Project e-mail:

Project Coordinators: Bill Warren or Dora Rollins (208) 882-6402.

Navajo four directions research model: Birdsprings community land use planning committee — a Navajo community-based collaborative researching its role and impact (Birdsprings Community Land Use Planning Committee, Flagstaff, Ariz.) The project will explore how to refine and focus the organizational techniques and strategies used by the CBC in helping to preserve the ecological, cultural and economic balance of Arizona’s Birdsprings area. It is hoped that a deeper understanding of the validity of traditional Navajo problem-solving techniques and conflict resolution will result in order to facilitate the functioning of Navajo CBCs.

Project e-mail:

Project Coordinators: Dr. Kyril Calsoyas (928) 714-9422 and Thomas Walker (928) 686-3266, 3267

Community-based collaboratives and the U.S. Bureau of land management (College of Architecture and Planning, University of Colorado at Denver). The project will examine the role of CBCs in natural resources decision-making for public lands, focusing on CBCs that are initiated by or work directly with the U.S. Bureau of Land Management. The study will examine the extent to which BLM incorporates collaborative planning into its decision-making processes and will assess the key attributes of collaborative processes that result in successful outcomes.

Project e-mail:

Project Contact: Tamara J. Laninga, doctoral candidate in the College of Architecture and Planning at the University of Colorado at Denver (303) 786-1855

A longitudinal and spatial analysis of intermediate socio-environmental impacts of community-based collaborative planning in Southwest Colorado (Gettysburg College, Pa.) A team of researchers will analyze the intermediate socio-environmental impacts of a CBC-based forest plan revision on Colorado’s San Juan National Forest. The researchers will conduct a longitudinal examination of community participation, incorporation of local knowledge in the collaborative process; and a spatial analysis of community-forest characteristics and relationships in the forest’s surrounding communities. The analyses will also serve as tools for comparative analyses of other CBCs in the Four Corners region.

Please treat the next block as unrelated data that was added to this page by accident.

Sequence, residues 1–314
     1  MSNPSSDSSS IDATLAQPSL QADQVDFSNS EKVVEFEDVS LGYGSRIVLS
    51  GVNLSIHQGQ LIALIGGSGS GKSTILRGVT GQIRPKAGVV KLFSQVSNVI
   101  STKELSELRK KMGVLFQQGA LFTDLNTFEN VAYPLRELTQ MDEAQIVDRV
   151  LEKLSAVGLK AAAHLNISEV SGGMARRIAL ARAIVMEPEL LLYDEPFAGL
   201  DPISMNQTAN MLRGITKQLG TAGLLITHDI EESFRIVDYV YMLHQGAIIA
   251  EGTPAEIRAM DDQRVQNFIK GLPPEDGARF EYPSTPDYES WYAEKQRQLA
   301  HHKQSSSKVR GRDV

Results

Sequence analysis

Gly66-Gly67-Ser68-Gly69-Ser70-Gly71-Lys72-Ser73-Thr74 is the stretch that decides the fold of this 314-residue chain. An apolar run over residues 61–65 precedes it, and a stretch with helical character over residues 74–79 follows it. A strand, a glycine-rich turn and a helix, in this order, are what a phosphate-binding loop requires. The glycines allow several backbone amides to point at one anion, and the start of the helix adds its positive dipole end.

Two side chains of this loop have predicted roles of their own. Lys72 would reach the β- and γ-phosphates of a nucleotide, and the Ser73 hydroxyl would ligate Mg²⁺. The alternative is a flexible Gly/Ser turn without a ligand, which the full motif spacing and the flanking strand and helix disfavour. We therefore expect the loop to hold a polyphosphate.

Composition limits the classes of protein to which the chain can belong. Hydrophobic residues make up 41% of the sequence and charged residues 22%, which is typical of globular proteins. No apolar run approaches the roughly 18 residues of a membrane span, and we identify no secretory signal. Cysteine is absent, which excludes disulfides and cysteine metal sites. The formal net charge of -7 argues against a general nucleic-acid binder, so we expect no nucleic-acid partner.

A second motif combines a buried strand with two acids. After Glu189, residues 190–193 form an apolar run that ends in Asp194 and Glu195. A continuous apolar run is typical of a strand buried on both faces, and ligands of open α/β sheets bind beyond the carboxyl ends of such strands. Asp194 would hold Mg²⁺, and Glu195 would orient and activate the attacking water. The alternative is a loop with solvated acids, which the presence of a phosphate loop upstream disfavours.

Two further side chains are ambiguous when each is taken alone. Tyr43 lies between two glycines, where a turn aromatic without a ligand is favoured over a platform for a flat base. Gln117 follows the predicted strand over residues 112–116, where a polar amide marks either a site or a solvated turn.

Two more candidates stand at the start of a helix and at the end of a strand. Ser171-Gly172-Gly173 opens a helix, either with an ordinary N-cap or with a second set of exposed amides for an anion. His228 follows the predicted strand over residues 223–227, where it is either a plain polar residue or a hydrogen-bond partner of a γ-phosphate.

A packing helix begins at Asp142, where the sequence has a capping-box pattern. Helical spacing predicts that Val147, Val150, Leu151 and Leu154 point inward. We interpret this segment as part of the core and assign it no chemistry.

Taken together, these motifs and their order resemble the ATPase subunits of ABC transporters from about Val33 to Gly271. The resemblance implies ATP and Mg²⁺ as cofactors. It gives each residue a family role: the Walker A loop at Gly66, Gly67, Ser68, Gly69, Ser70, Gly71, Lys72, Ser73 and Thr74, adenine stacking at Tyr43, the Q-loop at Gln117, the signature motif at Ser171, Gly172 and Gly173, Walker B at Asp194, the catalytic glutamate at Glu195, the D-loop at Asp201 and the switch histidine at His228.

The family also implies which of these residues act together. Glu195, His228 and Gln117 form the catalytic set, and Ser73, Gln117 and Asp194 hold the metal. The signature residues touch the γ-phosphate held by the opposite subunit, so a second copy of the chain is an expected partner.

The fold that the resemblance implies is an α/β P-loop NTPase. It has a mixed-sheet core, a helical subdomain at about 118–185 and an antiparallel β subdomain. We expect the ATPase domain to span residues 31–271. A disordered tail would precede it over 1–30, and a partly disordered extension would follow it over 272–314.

Project e-mail:

Project Coordinator: Dr. Randall Wilson (717) 337-6034

Improving the effectiveness of community-based collaborative: tools for broadening community outreach (University of Oregon). The project will conduct research focusing on the increasingly prominent role of CBCs in watershed planning, examining six watershed councils in Oregon to investigate the factors that motivate landowners to participate in collaborative programs and evaluate why they adopt proposed conservation measures.

Project e-mail:

Project Coordinator: Dr. Rich Margerum (541) 346-2526

Participatory monitoring by resource advisory committees in Northern California (Watershed Research and Training Center, Hayfork, Calif.) The project will focus on the monitoring activities of Resource Advisory Committees (RACs) in Northern California. The investigators will compare RACs located in counties with a long history of collaborative decision-making to those with less experience using such a process, resulting in a plan to develop self-monitoring and evaluation programs that will enable them to track how their activities affect the environmental health, public safety and economic well-being of their communities.

Project e-mail:

Project Coordinators: Lisa J. Wilson (530) 628-4206 and Lynn Jungwirth (530) 628-4206

Contact: Franklin Dukes, (434) 924-2041

FOR ADDITIONAL INFORMATION: Contact the Office of University Relations at (434) 924-7116. Television reporters should contact the TV News Office at (434) 924-7550.

SOURCE: U.Va. News Services